GOP Voter Suppression and the Threat to Democrats

Earl Ofari Hutchinson

 

This is an excerpt from an article originally published in the Louisiana Weekly. Read the rest here.

 

New Jersey Democratic Senator Corey Booker flatly called the Georgia gubernatorial election a theft for GOP winner Brian Kemp. This was not partisan hyperbole. Thousands of eligible votes weren’t registered, were tossed, discounted, or ignored. The process was only slightly less muddled and outrageous in Florida, where there were also widespread reports of irregularities, incompetence, fraud and manipulation.

 

The result in both states was that Democratic contender Stacey Abrams in Georgia and Andrew Gillum in Florida didn’t make history by being the first black governor in their states. Instead they made history by being embroiled in rancor and controversy over the vote process. The brutal reality, though, is that no matter how many votes Gillum and Abrams got or would have gotten in a fair process where all the votes were allowed and counted, their defeat was almost preordained before the first shout of voter fraud was made in their races.

 

Voter suppression is a well-documented fact of life in American politics. The GOP has welded it as a potent weapon to assure its continued domination of American politics. The even more terrifying reality is that voter suppression has the force of law behind it. Kemp in Georgia was the crudest example of that. As secretary of state, he could legally make the call about which votes could and couldn’t be counted. The lawsuits that were filed against his blatant voter suppression were at best stopgap efforts to blunt some of the damage. They did absolutely nothing to change the legal authority Kemp had to make the call about the voting process.

 

 

The voter suppression ploys the GOP employs in a variety of other stats include closing polling places limiting voting hours, a rigid requirement for ID, and outright purging voters from the rolls if they haven’t voted in a recent election. These were all upheld by various courts, including the U.S. Supreme Court. With few exceptions, the other GOP voter suppression ploy of tightly gerrymandering districts to make it impregnable to a Democratic contender has also been let stand in court challenges. This combined with the control of the vote process by GOP governors and GOP-controlled legislatures in Florida and Ohio, the two states that virtually determine who sits in the Oval Office, heighten the danger to Democrats in 2020.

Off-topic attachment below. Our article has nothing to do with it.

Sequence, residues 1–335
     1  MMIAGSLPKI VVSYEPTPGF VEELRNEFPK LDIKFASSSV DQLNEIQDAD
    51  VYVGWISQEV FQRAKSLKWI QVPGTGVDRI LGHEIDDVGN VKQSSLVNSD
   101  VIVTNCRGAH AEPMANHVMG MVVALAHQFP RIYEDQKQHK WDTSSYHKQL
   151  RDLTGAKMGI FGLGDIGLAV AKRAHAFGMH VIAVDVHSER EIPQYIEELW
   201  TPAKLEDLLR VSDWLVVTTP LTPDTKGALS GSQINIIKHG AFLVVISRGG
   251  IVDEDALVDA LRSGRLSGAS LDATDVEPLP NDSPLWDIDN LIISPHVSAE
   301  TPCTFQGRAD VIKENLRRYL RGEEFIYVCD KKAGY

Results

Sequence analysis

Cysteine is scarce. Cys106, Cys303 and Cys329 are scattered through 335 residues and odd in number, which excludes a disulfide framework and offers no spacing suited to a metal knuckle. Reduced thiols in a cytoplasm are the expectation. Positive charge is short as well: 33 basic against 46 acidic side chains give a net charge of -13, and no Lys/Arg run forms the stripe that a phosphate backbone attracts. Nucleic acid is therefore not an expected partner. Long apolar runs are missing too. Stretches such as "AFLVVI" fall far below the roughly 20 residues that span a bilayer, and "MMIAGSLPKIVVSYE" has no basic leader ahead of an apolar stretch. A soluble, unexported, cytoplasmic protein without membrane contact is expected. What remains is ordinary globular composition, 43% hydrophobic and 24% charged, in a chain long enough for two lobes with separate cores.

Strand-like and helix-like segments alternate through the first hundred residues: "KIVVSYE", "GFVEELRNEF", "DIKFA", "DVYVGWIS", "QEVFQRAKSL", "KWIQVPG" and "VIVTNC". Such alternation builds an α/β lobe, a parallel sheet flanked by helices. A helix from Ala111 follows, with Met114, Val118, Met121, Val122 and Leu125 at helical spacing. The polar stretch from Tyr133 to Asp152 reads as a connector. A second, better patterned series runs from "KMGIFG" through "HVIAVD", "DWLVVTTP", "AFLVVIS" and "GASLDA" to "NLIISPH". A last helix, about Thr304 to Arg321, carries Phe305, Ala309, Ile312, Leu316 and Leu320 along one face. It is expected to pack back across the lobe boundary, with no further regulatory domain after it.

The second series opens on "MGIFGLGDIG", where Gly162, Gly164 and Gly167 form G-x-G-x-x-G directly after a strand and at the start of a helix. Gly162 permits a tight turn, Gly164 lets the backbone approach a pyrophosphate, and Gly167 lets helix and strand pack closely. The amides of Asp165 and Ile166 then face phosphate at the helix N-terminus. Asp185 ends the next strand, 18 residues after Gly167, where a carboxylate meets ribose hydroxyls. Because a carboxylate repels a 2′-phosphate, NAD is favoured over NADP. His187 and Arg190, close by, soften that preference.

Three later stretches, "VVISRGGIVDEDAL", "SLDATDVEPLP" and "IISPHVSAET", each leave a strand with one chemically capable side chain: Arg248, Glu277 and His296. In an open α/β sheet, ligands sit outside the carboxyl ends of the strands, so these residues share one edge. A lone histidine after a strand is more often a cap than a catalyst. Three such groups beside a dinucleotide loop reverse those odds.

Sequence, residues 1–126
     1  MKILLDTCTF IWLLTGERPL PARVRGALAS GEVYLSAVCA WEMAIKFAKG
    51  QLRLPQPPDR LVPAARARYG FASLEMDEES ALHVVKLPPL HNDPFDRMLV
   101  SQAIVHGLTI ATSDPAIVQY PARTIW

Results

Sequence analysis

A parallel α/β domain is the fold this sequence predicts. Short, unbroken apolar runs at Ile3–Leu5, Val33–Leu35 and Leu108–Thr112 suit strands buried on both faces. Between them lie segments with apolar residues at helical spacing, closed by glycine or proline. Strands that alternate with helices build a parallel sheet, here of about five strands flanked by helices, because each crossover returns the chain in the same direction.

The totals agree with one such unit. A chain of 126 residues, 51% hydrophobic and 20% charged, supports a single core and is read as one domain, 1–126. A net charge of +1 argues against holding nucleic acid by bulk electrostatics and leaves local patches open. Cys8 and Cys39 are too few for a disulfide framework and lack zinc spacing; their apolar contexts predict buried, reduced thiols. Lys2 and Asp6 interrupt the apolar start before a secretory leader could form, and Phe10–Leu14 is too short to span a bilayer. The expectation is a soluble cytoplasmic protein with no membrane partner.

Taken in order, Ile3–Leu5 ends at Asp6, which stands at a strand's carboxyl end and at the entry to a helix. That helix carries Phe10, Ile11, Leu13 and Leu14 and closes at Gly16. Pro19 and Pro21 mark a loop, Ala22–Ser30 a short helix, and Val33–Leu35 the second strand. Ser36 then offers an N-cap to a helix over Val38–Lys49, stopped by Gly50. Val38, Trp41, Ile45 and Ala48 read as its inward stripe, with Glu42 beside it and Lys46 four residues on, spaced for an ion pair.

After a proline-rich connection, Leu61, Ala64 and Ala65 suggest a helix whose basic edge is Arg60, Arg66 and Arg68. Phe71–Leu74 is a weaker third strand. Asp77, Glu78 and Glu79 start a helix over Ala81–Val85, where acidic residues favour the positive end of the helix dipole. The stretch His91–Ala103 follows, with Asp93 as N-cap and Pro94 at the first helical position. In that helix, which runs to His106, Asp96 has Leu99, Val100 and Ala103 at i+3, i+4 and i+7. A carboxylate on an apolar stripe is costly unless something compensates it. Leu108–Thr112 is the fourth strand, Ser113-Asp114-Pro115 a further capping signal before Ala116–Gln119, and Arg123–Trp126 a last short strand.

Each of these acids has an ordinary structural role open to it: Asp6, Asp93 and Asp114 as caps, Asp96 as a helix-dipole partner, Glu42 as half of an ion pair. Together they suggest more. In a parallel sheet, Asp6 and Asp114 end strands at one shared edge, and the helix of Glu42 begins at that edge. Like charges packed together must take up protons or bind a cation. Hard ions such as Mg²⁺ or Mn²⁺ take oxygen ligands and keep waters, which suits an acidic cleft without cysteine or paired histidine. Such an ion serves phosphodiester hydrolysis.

But it’s the legality of voter suppression that is the tough nut to crack. Its impregnability was made possible by the GOP’s crass, cynical, but stupendously successful assault on the landmark 1965 Voting Rights Act. In 1981, despite some grumbles and idle threats to oppose its renewal from a few in the Reagan administration, President Reagan dutifully signed the renewal legislation.

 

A quarter-century later, a core of House Republicans stalled the legislation for more than a week and demanded that hearings be held. They used the same old argument that it punishes the South for past voting-discrimination sins, and they didn’t like the idea of bilingual ballots again. Despite the challenge, President Bush signed the renewal of the Voting Rights Act in 2006. The renewal by two conservative GOP presidents seemed to assure that any effort to scrub the Voting Rights Act from the federal books was a pipe dream.

 

 

It wasn’t. The GOP demanded that the High Court scrap the act as outdated, discriminatory, and a blatant federal intrusion into states’ rights. GOP state attorney generals in several states endorsed the challenge.

 

The Supreme Court obliged. In a landmark ruling, it dumped the key requirement that Southern states get “preclearance” from the Justice Department before making any changes in its voting rights laws and procedures.

 

This article originally published in the November 26, 2018 print edition of The Louisiana Weekly newspaper.

 

This is an excerpt from an article originally published in the Louisiana Weekly. Read the rest here.

 

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